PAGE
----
What persons are in themselves as Christians, in their inwardness and piety, cannot constitute the basis of our community, which is determined by what those persons are in terms of Christ. Our community consists solely in what Christ has done to both of us. That not only is true at the beginning, as if in the course of time something else were to be added to our community, but also remains so for all the future and into all eternity. I have community with others and will continue to have it only through Jesus Christ. The more genuine and the deeper our community becomes, the more everything else between us will recede, and the more clearly and purely will Jesus Christ and his work become the one and only thing that is alive between us. We have one another only through Christ, but through Christ we really do have one another. We have one another completely and for all eternity.
And then soon after:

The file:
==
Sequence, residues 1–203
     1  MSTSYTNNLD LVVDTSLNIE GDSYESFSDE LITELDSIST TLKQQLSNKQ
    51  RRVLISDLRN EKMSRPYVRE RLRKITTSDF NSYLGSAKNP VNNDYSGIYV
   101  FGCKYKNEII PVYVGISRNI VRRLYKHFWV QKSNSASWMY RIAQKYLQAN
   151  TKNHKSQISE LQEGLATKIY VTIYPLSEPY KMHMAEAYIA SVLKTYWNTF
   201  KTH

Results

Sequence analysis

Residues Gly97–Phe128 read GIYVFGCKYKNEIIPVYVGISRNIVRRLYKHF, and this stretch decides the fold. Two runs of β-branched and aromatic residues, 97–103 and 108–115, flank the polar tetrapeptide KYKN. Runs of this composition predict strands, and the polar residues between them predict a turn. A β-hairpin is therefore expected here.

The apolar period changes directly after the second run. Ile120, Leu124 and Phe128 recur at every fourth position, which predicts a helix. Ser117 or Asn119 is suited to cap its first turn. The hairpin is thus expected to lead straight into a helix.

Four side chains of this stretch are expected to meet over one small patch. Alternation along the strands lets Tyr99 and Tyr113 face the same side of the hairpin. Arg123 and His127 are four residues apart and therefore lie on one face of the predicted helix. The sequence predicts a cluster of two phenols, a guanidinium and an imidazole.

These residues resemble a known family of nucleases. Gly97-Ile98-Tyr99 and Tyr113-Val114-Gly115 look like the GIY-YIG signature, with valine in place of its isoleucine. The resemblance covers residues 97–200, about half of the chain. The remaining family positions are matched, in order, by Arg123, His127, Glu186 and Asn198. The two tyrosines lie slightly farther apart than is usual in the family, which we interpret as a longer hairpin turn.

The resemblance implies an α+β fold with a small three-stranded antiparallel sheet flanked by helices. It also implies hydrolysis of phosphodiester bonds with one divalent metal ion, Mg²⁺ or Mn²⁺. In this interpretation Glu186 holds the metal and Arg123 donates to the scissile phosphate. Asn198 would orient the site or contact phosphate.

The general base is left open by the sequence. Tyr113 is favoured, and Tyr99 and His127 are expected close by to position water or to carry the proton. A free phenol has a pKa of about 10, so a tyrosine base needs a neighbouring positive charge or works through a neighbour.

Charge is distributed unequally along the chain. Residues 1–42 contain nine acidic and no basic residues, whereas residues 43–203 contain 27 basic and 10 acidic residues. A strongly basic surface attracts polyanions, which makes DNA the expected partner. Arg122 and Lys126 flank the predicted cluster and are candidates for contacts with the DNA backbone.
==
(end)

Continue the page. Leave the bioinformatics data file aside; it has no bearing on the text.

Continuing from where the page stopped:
Those who love their dream of a Christian community more than the Christian community itself become destroyers of that Christian community even though their personal intentions may be ever so honest, earnest, and sacrificial. God hates this wishful dreaming because it makes the dreamer proud and pretentious. Those who dream of this idealized community demand that it be fulfilled by God, by others, and by themselves. They enter the community of Christians with their demands, set up their own law, and judge one another and even God accordingly. They stand adamant, a living reproach to all others in the circle of the community. They act as if they have to create the Christian community, as if their visionary ideal binds the people together. Whatever does not go their way, they call a failure. When their idealized image is shattered, they see the community breaking into pieces. So they first become accusers of other Christians in the community, then accusers of God, and finally the desperate accusers of themselves. Because God already has laid the only foundation of our community, because God has united us in one body with other Christians in Jesus Christ long before we entered into common life with them, we enter into that life together with other Christians, not as those who make demands, but as those who thankfully receive. We thank God for what God has done for us. We thank God for giving us other Christians who live by God’s call, forgiveness, and promise. We do not complain about what God does not give us; rather we are thankful for what God does give us daily. And is not what has been given us enough: other believers who will go on living with us through sin and need under the blessing of God’s grace?